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News Washington correspondent Jerry Zremski analyzes and fact-checks what was said during Tuesday's prime-time television coverage of the Democratic National Convention.

To hear Ron Reagan Jr. tell it, stem-cell research could produce "the greatest medical breakthroughs in our or in any lifetime."

Stem-cell researchers agree -- but say those breakthroughs could be many years away.

"I don't think he overestimated the potential or the enthusiasm that researchers actually have for stem-cell research," said Steven Pruitt, who does such research at Roswell Park Cancer Institute and who watched Reagan's televised speech from the Democratic National Convention on Tuesday.

But as for the timing of such medical breakthroughs, "It's something you can't know in advance. He could be right, or maybe he's off by years."

While Tuesday's speeches from Teresa Heinz Kerry and others didn't raise major questions among convention-watchers, Reagan's did.

Coming shortly after the death of his father, the speech was a coup for Democrats. But critics suggested Reagan made stem cells sound like a more immediate cure than they really are.

Stem cells are the very foundation of life. And scientists believe that if they're cultivated, they could eventually be used to replace the damaged cells that cause conditions ranging from diabetes to Parkinson's disease.

While adult stem cells are being studied, researchers see great potential in stem cells from human embryos, which are later destroyed. Anti-abortion activists, saying life begins at conception, oppose that approach.

President Bush waded into that thicket when he restricted federal research funding to embryonic stem cells created before Aug. 9, 2001.

Many scientists say those restrictions had a chilling effect on private research funding, while sharply limiting the research that can be done.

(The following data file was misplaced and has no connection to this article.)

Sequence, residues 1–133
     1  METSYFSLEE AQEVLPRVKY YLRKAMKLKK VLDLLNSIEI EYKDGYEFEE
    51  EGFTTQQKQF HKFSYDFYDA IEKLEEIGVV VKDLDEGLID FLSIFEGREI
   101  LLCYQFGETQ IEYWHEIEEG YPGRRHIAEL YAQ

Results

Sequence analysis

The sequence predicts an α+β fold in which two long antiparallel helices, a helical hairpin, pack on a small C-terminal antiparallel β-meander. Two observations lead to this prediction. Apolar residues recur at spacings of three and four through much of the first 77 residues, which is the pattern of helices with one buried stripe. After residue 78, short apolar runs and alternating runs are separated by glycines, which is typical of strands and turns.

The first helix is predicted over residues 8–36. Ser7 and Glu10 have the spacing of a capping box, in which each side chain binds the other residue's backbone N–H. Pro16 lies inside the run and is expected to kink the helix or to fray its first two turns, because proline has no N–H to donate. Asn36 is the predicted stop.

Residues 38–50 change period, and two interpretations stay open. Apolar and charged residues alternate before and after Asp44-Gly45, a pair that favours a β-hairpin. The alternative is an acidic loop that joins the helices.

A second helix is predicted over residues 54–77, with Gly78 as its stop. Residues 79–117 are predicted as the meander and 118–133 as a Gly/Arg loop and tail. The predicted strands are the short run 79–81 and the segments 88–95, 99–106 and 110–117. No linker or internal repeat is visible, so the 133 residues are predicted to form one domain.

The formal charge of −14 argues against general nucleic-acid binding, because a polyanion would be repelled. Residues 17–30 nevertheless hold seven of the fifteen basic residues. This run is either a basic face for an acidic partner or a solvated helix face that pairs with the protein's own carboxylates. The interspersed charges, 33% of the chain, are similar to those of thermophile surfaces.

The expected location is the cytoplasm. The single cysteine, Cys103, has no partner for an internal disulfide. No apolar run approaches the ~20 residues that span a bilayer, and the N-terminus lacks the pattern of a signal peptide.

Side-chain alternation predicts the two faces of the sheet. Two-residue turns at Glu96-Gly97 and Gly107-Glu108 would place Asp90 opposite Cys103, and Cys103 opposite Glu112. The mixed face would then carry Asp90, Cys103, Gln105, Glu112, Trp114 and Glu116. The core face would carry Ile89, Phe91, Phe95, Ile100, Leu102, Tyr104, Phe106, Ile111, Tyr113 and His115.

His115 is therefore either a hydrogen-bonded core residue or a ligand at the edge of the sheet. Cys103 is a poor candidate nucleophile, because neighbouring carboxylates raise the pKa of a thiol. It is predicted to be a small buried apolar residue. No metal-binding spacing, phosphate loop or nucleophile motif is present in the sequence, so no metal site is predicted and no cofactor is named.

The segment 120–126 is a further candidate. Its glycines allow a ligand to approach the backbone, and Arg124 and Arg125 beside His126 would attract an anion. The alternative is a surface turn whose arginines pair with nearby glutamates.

That makes the expansion of stem-cell research a political issue that the son of the former president addressed with gusto.

"It does not follow that the theology of a few should be allowed to forestall the health and well-being of many," he said.

In response, Douglas Johnson, legislative director of the National Right to Life Committee, said: "I think the impression he left was that the payoffs are on the near horizon but for the president's policy."

Ian Lyons, principal scientist and manager of stem-cell applications at GIBCO Invitrogen of Grand Island, said that while some practical benefits from such research could come in as little as five years, "certainly in 50 years, we will be able to have a real impact."

Reagan said stem cells could be used to treat diabetes, and Lyons said fast progress is being made toward that goal.

But overall, "even at the very basics, the cultivation of cells themselves, we still have technical problems to overcome."

There's also great political opposition facing another idea that Reagan advocated: therapeutic cloning, which creates stem cells from cloned embryos.

"He gave a really good description of therapeutic cloning without using the words therapeutic cloning," said Eve Herold, public education manager of the Stem Cell Research Foundation, who termed Reagan's speech "great."

Whatever the potential might be for stem-cell research, it might be noteworthy that Reagan never mentioned Alzheimer's disease in his speech.

In a recent Washington Post story, several researchers said the disease that killed President Ronald Reagan a Republican who opposed abortion -- is among those least likely to be cured with embryonic stem cells.

"I think the chance of doing repairs to Alzheimer's brains by putting in stem cells is small," researcher Michael Shelanski of Columbia University said.


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